In a side filled with international players, Michael Rippon's place in Cape Cobras' playing eleven is not certain, but the young spinner said he is confident of at least getting a game in the ongoing Champions League Twenty20 cricket tournament in Chennai.
Cobras got their CLT20 campaign off to a winning start with a seven-wicket win over 2009 champions New South Wales and will face defending champions Chennai Super Kings on Wednesday.
But to find a place in Cobras' playing eleven, Rippon, who did not play in their tournament opener, has to thwart competition from more established spinners like Robin Peterson and Justin Ontong.
"Yeah, I hope (I get picked), obviously I want to get on to the field and have a game. But we have got quite a strong squad. We have quite a few national players back in the side.
I think it's all about combination. I don't think you can play too many spinners, but I am sure I'll get an opportunity," Rippon said.
Asked if Chennai Super Kings, who lost to Mumbai Indians by three wickets, in a thrilling contest on Saturday, are likely to wilt under pressure, he said, "It's obviously a game of cricket and you have stuff like that happening. But as long as you have a secured game plan and follow it, you will be safe."
Asked about the pitch on offer at the M A Chidambaram stadium here, the 20-year-old said, "It's not as quick as it normally is. Players are saying it's quite slow and quite sticky and it doesn't come on to the bat."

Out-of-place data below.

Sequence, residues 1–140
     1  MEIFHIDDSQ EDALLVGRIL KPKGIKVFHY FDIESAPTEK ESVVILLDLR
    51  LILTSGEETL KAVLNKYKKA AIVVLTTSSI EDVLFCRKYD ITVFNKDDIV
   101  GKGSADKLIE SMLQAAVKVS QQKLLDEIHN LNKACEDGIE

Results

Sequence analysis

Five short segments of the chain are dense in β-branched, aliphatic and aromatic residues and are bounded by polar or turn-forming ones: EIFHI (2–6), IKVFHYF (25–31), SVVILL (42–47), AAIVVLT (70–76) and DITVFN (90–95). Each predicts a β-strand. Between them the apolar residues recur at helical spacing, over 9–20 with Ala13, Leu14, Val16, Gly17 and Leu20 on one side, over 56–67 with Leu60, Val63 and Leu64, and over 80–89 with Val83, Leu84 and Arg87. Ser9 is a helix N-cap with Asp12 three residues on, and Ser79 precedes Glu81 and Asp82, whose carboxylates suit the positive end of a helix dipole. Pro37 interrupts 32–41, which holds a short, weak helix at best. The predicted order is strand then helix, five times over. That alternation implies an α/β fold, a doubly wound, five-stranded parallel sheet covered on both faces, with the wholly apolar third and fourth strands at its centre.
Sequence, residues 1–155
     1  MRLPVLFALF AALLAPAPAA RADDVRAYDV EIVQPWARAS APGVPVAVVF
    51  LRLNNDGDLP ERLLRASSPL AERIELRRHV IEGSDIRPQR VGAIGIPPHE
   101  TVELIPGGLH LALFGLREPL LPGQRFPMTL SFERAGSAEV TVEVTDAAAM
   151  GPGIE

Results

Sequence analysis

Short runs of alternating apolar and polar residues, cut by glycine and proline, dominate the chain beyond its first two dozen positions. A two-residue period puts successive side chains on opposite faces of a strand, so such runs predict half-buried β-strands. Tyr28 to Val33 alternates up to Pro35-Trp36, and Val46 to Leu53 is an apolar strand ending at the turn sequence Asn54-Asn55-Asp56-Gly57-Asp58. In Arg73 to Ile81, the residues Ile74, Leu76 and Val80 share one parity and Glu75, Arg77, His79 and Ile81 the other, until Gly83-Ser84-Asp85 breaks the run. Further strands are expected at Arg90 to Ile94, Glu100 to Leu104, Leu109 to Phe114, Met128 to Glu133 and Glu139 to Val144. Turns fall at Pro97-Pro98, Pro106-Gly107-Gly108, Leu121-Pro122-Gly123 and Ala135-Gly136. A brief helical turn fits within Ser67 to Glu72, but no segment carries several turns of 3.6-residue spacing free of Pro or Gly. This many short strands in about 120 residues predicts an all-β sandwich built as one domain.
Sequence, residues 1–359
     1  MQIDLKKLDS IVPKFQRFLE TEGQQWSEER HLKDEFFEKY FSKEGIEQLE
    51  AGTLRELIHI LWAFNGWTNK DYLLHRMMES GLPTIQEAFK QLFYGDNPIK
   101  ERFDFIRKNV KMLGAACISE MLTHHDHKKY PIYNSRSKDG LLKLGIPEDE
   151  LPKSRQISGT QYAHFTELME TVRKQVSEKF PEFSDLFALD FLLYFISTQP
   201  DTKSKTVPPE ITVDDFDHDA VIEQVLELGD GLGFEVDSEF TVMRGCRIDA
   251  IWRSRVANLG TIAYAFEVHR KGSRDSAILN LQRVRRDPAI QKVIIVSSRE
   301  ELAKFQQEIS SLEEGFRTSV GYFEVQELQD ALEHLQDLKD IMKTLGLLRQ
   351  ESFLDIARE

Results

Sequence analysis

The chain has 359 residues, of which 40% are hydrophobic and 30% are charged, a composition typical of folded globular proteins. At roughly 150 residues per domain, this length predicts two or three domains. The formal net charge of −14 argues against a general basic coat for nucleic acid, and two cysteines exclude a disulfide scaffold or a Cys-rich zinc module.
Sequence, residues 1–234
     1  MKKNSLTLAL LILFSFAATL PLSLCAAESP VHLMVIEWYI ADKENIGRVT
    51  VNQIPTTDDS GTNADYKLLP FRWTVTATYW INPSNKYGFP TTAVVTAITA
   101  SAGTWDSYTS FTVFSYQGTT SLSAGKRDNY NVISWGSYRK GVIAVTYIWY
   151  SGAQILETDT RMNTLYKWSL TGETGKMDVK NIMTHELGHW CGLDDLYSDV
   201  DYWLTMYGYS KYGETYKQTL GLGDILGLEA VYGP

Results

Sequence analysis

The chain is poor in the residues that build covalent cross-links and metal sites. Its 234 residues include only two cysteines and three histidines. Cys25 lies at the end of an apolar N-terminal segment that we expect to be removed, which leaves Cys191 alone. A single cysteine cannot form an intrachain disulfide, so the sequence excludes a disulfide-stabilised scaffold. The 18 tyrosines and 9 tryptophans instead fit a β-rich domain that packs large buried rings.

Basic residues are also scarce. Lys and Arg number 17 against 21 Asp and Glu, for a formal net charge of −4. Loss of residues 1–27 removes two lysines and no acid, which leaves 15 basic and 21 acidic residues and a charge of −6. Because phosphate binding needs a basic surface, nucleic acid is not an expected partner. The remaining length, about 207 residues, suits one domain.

Rippon, who is a chinaman bowler, also said that senior colleague Robin Peterson has been helping him in his preparation.
"He's quite experienced and has many years of international experience. Its nice to get feed from him and for him to give you information and help you out about tactics. It's very nice to play alongside a player like him," he said.
Asked if he had picked the brains of Paul Adams, the South Africa's former chinaman bowler, he said, "I have spent a lot of time with Paul back in the Cape. He's our spin coach at Western Province. I love to talk spin bowling with him because obviously he is a legend of the game. I'd be happy to follow in his footsteps."
Rippon also refused to buy the theory that chinaman bowlers are vanishing from modern day cricket.
"I don't think it is vanishing. There aren't many chinaman bowlers at this level (anyway). There's only me, Paul Adams, Dave Mohammed and Brad Hogg," he said.
"Now-a-days, anybody taking up spin bowling is taught finger spin, as it is easier and with the format of Twenty20 you want to dart the ball in and stuff.
"It would be a very good option for four and five-day cricket. So, I hope there would be a better breed of chinaman bowlers in the future," Rippon added.